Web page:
'No Man's Sky' Recreated As A 'Doom' Mod
No Man's Sky has proven to be one of the most controversial game releases in recent memory, with more than a few players feeling let down and even lied to about the game's features. But even if No Man's Sky turned out to be a major disappointment, there's no denying that the idea for the game still has plenty of potential, potential one creator has tried to realize all on his own.
"No Guy's Sky" is a No Man's Sky-style mod for Doom created by Robert Prest. As shown in a YouTube video documenting his creation, "No Guy's Sky" plays awfully similar to the real thing, only with far more simplistic visuals (it is a Doom mod after all).
Just like in the real No Man's Sky, players can warp from planet to planet in their spaceship on a quest to the galactic center. On the surface of each planet players can collect resources, storing them in a backpack. Players are also equipped with a jetpack and can battle sentinels patrolling the various planets. Of course, there's also "randomly generated wildlife" in the form of various different "heads" placed on top of the legs from one of Doom's classic enemy types. Planet names are randomly generated and can also be renamed by the player.
After acquiring the necessary resources from a planet, players can then warp to a new planet and begin the saga all over again by pressing the comically giant red button labeled "Boldly go where no man has gone before ... apart from the natives ... and they don't have a flag." There's even a galactic map inside the player's spaceship that displays their location in the galaxy with a simple "you are here." Players can dock at space stations to exchange resources from vending machines, negotiate with alien species and much, much more.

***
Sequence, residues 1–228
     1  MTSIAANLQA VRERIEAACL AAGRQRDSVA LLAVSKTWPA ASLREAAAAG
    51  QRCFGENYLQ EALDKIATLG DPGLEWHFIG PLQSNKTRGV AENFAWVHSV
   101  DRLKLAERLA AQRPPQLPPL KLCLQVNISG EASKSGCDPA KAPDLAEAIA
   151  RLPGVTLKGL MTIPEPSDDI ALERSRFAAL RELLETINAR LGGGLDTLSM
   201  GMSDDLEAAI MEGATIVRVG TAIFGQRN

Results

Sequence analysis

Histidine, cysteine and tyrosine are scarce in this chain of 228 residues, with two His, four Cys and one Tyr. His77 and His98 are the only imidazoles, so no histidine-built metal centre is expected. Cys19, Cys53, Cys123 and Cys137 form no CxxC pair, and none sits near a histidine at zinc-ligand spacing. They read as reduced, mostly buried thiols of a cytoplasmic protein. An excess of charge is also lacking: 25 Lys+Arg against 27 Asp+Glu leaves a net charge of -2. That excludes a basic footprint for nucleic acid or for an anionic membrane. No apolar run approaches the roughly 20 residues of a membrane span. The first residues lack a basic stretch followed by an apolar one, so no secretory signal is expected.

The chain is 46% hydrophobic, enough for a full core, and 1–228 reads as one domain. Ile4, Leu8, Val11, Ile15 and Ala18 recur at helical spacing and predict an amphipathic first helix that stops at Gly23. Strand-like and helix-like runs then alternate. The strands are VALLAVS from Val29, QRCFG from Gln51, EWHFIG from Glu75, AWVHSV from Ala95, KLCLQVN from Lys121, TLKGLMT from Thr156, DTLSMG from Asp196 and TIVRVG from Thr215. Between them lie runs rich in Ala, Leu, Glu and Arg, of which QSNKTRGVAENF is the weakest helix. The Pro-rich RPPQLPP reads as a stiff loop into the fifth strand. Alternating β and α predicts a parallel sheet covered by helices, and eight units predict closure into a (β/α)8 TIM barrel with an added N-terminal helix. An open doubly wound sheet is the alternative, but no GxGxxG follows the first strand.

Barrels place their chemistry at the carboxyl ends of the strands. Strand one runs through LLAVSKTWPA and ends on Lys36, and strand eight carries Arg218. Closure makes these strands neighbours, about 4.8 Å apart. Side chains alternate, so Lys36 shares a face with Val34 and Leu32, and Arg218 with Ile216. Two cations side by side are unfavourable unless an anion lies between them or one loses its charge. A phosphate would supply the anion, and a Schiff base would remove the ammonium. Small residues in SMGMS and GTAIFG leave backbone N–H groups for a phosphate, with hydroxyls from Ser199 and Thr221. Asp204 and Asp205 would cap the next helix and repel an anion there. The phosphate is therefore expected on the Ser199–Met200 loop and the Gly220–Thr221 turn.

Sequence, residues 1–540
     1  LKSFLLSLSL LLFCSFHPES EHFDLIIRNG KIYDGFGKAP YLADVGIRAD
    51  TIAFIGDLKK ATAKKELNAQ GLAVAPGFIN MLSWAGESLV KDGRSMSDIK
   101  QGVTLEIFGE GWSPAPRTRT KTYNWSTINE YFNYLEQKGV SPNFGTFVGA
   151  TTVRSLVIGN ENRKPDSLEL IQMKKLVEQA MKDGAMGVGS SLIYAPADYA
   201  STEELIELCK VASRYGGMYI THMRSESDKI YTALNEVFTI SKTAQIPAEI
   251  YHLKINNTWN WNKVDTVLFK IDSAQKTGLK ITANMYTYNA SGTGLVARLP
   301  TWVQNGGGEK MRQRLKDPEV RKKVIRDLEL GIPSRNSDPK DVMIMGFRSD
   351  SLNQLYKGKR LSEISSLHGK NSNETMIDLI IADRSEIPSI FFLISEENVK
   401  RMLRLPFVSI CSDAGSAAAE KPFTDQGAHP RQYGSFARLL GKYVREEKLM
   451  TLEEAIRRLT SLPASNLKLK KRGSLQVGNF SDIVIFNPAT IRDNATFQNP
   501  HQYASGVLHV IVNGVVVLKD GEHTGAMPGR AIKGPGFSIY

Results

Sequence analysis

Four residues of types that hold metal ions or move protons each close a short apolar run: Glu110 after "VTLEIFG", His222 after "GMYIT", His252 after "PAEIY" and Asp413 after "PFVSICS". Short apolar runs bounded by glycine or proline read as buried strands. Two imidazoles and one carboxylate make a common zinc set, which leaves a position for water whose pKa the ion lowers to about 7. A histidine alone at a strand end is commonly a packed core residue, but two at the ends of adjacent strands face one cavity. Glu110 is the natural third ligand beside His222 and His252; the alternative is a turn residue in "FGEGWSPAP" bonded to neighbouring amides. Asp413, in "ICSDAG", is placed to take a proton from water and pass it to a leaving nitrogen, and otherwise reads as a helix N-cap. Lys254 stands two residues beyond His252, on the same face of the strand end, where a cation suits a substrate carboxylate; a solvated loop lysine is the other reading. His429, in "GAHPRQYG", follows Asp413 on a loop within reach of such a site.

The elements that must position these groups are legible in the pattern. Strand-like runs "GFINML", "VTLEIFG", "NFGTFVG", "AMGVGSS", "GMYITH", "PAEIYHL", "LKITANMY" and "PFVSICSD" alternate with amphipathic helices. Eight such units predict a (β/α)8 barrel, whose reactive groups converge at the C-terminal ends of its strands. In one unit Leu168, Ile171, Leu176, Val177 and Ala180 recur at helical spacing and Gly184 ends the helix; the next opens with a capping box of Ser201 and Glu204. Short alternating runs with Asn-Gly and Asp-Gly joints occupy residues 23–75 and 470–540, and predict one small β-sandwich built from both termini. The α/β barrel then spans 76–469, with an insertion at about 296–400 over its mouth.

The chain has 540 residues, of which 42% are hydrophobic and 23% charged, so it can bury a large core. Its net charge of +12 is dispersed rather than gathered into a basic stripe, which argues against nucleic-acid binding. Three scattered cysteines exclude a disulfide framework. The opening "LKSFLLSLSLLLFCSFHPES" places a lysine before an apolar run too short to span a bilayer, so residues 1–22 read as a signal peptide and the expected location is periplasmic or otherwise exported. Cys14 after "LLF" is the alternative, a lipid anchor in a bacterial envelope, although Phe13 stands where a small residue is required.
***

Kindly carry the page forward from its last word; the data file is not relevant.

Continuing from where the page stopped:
As for what's at the center of the galaxy in "No Guy's Sky"? It's a surprise best left unspoiled, but you can watch the video below to see for yourself. Hint: it's probably a better ending than the one in the real No Man's Sky.
Perhaps what's most impressive is that Prest says he has yet to even play No Man's Sky. Everything he built for the mod comes from what he knows about the game and has seen in trailers. Sure, it's not as large or visually appealing as No Man's Sky, but it's nonetheless impressive to see one guy cook up a simple, albeit working replica of what Hello Games spent years to do in a mere three weeks. Bravo Mr. Prest, bravo.
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